Abstract: Affirmative action was designed to redress institutional racism that created barriers for people of color in education and job opportunities. Almost since its inception, affirmative action has been met with resistance. In the most recent cases, the Michigan cases, the affirmative action camp found success in relying on a concept called “Critical mass.” The idea is that affirmative action is worthwhile if it is used to create diversity. Indeed, the majority in Grutter embraced critical mass as an analogy for some meaningful number of students in the classroom, without specifically defining it. However, because there is so much resistance to giving critical mass a specific definition within the legal context for fear of the concept being unmasked as just another way of saying “quota”, there is little research on how exactly students of color, the very students who should benefit from it, define it and view it. My study seeks to answer these questions. Are students of color able to give a concrete definition to critical mass? If so, what are the perceived benefits or disadvantages of relying on this concept? Finally, have students of color ever been in a situation in which critical mass was achieved? If so, did it transform the students educational experience. If so, how?

2011 - International Studies Association Annual Conference "Global Governance: Political Authority in Transition" Pages: 10 pages || Words: 2125 words || 
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4. Vazquez Melken, Rolando. "South-North Critical Dialogues: Bringing Together European Critical Theory And Decolonial Thinking" Paper presented at the annual meeting of the International Studies Association Annual Conference "Global Governance: Political Authority in Transition", Le Centre Sheraton Montreal Hotel, MONTREAL, QUEBEC, CANADA, Mar 16, 2011 Online <APPLICATION/PDF>. 2019-06-20 <http://citation.allacademic.com/meta/p501326_index.html>
Publication Type: Conference Paper/Unpublished Manuscript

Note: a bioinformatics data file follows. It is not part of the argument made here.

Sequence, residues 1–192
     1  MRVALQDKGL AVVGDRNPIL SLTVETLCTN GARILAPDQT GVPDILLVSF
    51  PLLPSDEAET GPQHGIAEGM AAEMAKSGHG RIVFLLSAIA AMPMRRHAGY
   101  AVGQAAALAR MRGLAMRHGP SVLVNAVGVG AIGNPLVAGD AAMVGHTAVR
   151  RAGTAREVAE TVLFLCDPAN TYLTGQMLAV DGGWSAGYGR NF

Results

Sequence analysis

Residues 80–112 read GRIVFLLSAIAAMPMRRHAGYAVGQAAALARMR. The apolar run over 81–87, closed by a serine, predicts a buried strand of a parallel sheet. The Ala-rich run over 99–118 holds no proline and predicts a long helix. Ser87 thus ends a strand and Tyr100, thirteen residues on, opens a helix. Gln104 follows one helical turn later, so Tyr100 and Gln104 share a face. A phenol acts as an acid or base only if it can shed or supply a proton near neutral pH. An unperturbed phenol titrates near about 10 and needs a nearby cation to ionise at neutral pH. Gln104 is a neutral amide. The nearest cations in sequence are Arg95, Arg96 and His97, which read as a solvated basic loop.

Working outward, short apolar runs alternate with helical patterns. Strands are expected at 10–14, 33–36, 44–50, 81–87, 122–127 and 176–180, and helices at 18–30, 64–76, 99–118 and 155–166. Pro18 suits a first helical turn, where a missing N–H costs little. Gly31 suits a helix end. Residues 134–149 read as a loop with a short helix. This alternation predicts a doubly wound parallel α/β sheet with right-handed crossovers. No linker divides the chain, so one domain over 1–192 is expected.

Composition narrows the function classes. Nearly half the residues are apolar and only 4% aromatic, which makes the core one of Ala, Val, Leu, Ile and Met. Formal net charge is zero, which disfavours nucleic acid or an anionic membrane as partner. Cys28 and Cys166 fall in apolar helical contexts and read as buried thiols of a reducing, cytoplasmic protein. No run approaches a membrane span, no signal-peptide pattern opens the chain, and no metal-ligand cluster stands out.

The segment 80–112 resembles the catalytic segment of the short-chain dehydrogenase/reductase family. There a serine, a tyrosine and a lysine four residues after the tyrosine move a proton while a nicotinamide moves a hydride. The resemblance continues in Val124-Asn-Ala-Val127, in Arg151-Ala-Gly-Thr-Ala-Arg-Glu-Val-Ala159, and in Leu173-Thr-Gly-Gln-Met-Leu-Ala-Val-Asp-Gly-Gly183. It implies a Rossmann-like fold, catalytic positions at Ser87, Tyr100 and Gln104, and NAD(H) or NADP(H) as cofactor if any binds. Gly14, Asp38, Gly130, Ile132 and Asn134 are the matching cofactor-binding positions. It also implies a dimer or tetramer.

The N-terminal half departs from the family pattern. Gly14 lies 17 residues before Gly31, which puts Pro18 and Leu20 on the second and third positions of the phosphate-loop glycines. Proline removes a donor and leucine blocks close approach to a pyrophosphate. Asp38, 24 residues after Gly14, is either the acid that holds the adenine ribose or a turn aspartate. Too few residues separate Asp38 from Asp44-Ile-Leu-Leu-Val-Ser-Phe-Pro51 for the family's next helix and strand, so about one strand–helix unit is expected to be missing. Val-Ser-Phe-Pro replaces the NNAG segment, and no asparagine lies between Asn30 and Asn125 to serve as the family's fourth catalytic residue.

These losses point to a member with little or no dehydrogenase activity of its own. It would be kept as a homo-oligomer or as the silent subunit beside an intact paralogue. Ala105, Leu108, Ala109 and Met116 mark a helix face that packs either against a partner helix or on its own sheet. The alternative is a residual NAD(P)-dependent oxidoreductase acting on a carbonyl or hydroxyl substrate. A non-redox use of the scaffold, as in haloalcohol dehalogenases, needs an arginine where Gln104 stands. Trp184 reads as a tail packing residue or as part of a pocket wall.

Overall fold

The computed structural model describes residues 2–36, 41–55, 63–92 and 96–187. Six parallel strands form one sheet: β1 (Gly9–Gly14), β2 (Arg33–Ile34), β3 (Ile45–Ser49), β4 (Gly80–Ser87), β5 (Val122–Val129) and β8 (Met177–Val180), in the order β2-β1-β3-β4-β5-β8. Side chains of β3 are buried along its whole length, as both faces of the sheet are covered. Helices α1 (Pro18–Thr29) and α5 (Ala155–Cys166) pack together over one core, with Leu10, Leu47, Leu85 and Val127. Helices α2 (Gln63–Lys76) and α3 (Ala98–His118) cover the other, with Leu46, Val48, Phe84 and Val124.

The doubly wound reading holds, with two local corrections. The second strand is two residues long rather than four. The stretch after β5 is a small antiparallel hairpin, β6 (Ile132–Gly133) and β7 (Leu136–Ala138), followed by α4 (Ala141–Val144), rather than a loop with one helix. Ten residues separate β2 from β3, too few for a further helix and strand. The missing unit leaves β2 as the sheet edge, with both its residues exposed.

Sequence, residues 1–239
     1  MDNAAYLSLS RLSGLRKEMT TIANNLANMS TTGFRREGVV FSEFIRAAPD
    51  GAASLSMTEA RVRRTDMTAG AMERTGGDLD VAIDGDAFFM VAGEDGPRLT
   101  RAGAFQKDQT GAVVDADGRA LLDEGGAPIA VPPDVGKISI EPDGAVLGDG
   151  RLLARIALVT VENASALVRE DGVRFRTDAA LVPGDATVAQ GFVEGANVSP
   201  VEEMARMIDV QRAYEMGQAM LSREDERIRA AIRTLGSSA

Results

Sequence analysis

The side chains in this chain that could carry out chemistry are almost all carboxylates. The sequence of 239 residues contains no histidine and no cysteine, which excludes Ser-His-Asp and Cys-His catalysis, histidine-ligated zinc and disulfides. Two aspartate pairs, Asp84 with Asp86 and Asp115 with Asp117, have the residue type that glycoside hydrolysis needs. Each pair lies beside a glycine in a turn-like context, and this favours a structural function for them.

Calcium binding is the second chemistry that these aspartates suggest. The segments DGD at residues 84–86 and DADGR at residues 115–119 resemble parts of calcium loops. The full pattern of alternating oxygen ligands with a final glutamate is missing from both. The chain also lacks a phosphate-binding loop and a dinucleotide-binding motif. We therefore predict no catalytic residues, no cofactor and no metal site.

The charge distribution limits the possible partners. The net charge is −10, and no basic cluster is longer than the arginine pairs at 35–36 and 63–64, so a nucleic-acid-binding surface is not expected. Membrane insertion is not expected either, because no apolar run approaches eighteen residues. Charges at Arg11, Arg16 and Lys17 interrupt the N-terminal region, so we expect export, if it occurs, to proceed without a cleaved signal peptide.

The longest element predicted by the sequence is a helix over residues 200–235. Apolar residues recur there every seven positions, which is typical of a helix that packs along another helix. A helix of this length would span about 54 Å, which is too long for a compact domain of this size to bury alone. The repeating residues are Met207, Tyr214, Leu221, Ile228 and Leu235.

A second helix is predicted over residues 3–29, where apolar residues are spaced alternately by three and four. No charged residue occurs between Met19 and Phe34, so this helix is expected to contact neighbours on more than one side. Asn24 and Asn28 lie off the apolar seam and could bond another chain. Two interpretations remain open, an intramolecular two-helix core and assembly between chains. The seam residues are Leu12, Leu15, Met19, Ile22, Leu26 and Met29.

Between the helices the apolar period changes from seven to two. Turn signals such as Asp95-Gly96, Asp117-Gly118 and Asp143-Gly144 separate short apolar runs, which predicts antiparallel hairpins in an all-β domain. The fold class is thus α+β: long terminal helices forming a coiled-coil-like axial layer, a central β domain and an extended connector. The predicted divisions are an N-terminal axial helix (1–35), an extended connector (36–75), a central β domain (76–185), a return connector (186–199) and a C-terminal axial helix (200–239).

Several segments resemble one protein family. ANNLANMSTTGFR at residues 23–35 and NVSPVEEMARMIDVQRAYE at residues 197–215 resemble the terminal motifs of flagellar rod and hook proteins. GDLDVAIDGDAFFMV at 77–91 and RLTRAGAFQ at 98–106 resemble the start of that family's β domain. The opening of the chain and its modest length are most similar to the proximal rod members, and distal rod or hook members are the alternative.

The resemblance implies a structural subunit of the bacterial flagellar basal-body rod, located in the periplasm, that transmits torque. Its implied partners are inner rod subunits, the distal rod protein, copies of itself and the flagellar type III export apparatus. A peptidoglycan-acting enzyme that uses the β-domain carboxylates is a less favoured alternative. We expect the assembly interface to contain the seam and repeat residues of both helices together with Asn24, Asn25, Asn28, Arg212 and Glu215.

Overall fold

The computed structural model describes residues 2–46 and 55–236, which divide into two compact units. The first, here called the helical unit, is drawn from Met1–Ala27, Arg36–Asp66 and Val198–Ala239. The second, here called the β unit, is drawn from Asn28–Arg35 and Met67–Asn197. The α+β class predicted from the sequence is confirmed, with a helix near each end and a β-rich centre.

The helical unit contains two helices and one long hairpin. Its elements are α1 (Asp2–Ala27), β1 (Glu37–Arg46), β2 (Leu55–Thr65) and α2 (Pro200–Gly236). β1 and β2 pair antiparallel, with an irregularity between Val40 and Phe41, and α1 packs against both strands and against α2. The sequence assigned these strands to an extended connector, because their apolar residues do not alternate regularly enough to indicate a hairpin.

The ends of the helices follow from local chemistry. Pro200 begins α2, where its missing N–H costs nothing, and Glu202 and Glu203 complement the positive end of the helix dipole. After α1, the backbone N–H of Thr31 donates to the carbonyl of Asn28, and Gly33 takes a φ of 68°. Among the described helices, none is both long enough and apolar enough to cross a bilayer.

Review Method: Peer Reviewed
Abstract: The aim of this essay is to suggest pathways to promote a dialogue between the intra-european and colonial critiques of modernity. The essay focuses on the questions of history and time, of classification and representation and on the question of subjectivity. These questions are elaborated in dialogical way across geo-historical divides, thus promoting a South-North dialogue of critical knowledges. In this way the essay aims to extend the critique of modernity while contributing towards global epistemic justice.

2010 - NCA 96th Annual Convention Words: 81 words || 
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5. Kelly, Brendan. and Atkins, Alphonso. "Advocate and Critic: Developing Critical Frameworks as Equipment for Living through Collegiate Forensic Engagement" Paper presented at the annual meeting of the NCA 96th Annual Convention, Hilton San Francisco, San Francisco, CA, <Not Available>. 2019-06-20 <http://citation.allacademic.com/meta/p426562_index.html>
Publication Type: Conference Paper/Unpublished Manuscript
Abstract: The claim that collegiate forensics successfully challenges students to become social advocates and engaged citizens is frequently asserted by forensic educators. Yet, providing support and/or proof for this claim is a challenging endeavor. We argue that the nurturing of students' minds and mentalities in this area is inherent in the structure of the activity and corresponding events. In this paper, we isolate key aspects of collegiate forensics that facilitate the transformation of students into social advocates and critics.